Shock rise in house prices – again!
Contrary to predictions, house prices in the UK rose for the second month in a row in June, as well as showing the smallest annual drop (9.3%) since July 2008. Instead of the 0.5% drop predicted by economists, house prices rose 0.9% in June, with the average cost of a home now standing at £156,442, up from £154.016 in May.
[UKPRwire, Fri Jul 03 2009] Contrary to predictions, house prices in the UK rose for the second month in a row in June, as well as showing the smallest annual drop (9.3%) since July 2008. Instead of the 0.5% drop predicted by economists, house prices rose 0.9% in June, with the average cost of a home now standing at £156,442, up from £154.016 in May.
The figures from the latest Nationwide Building Society report the first positive three-monthly trend in house prices since December 2007, suggesting that the property slump is over the worst and the market is on the rebound.
The rise in consumer confidence in June is another positive sign, rising to -25 from -27, the highest in more than a year, according to the UK Consumer Confidence Indicator.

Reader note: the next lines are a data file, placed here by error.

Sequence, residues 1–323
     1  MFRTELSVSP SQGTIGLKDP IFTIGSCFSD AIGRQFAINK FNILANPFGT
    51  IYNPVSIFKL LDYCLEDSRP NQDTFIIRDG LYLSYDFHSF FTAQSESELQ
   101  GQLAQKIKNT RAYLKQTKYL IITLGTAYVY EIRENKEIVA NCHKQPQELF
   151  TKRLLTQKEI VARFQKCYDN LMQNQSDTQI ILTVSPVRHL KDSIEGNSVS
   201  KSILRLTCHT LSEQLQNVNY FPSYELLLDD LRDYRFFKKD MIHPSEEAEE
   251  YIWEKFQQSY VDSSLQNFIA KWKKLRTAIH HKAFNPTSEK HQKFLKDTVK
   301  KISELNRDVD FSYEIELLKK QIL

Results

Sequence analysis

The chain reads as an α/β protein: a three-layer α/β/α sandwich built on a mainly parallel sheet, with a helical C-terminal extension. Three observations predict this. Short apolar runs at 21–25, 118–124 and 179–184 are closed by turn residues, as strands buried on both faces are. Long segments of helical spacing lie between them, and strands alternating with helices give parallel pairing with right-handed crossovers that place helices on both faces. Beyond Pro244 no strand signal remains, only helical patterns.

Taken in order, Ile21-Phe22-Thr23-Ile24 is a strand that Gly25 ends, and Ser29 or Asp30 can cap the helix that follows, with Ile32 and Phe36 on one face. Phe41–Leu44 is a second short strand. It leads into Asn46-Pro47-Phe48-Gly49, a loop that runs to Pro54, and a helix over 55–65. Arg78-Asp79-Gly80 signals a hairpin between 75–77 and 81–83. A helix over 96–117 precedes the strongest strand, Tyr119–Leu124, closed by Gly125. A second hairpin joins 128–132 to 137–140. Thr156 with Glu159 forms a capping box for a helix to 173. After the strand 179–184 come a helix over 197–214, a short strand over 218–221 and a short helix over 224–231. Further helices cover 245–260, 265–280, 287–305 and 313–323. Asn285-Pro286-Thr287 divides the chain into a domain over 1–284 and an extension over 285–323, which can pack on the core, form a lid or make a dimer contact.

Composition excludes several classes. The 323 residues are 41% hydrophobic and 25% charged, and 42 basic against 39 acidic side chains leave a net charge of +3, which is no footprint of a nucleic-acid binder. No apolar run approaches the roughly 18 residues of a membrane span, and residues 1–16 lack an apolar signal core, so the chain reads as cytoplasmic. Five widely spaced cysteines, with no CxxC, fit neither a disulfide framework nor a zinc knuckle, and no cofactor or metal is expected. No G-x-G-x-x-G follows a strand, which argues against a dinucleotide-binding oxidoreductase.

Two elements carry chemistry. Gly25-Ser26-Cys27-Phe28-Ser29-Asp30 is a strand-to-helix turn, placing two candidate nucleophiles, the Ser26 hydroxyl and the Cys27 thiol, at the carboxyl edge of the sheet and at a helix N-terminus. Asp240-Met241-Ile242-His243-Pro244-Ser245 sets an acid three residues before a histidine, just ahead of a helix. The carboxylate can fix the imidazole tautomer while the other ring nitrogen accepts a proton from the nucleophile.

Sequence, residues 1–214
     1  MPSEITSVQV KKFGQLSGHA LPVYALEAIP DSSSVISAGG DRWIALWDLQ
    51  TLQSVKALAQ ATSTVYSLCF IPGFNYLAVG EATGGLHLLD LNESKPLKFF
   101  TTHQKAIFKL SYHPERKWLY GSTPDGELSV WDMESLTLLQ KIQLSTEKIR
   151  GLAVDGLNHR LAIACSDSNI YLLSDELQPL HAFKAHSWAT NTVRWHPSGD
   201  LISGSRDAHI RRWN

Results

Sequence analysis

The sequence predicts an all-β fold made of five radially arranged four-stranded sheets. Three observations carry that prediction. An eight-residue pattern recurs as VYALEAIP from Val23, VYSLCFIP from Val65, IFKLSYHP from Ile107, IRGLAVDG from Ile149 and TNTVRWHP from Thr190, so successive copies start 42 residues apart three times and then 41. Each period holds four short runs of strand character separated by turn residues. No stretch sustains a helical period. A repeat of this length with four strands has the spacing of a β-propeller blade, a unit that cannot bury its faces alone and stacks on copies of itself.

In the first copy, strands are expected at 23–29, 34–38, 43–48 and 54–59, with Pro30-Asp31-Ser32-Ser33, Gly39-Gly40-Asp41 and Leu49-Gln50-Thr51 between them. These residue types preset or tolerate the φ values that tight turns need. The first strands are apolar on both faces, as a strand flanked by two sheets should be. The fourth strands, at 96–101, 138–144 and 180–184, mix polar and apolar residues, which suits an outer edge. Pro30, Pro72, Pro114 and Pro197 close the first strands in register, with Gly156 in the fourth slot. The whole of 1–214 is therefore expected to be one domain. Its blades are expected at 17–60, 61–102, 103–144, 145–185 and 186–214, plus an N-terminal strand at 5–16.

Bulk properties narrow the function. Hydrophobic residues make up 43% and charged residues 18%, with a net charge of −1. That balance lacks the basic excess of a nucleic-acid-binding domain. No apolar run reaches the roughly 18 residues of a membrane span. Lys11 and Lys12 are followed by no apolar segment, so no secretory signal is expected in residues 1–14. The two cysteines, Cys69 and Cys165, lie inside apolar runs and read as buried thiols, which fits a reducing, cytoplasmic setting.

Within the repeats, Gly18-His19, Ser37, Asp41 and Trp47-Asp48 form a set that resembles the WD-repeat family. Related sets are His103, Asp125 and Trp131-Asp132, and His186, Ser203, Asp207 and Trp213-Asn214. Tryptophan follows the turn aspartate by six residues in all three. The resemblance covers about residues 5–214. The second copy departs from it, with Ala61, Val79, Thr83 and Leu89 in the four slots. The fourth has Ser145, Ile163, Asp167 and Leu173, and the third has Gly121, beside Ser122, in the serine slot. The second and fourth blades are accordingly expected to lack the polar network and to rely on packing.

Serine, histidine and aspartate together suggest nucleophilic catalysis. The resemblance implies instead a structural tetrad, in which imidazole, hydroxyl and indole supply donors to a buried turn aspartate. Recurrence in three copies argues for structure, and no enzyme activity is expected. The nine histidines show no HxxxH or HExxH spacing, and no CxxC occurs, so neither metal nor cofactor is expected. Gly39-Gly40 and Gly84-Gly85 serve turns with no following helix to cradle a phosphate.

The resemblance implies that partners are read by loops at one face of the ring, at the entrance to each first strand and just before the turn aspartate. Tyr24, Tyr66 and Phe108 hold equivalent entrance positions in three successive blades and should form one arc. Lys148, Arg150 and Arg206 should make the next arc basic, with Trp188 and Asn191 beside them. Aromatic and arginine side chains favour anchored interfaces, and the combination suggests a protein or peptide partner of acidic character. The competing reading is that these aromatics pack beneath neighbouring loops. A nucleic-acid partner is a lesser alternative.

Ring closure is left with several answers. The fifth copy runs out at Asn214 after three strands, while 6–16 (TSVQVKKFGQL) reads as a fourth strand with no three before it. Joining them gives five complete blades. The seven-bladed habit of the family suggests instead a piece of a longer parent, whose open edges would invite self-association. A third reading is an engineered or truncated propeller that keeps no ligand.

But with the economy in recession and other critical factors continuing to perform poorly, it is too early to talk of a full-scale and sustainable price recovery in the housing market. Rising unemployment has stymied demand, and the decline in mortgage lending has reached historic lows, with May showing the smallest increase in mortgage approvals since records began in 1993.
The unusually low levels of stock available for sale has helped to stabilize prices, but these dynamics will change if vendors who have been waiting for prices to improve put their properties on the market.
“The slight increase in house prices over the last two months will be especially welcome news for sellers,” said Lawrence Smith of Decision Homebuyers, “many of whom have been sitting on their properties for a long time waiting for just such a turn-around. At the same time, until the levels of demand and lending improve significantly, they shouldn’t expect to see droves of buyers at their door just yet.”
The growth in housing market activity that would be needed for a full-scale recovery continues to be impeded by low levels of lending. First-time buyers are still finding it very difficult to obtain mortgage financing, an obstacle which stifles the main driving force on the demand side.
As Michael White, chief executive of online mortgage broker Email Mortgages.com, commented, "We would be able to see much more housing market activity if lenders operated sensible lending policies rather than looking to operate with no risk, forcing many would-be purchasers to curtail their efforts to get on the property ladder."
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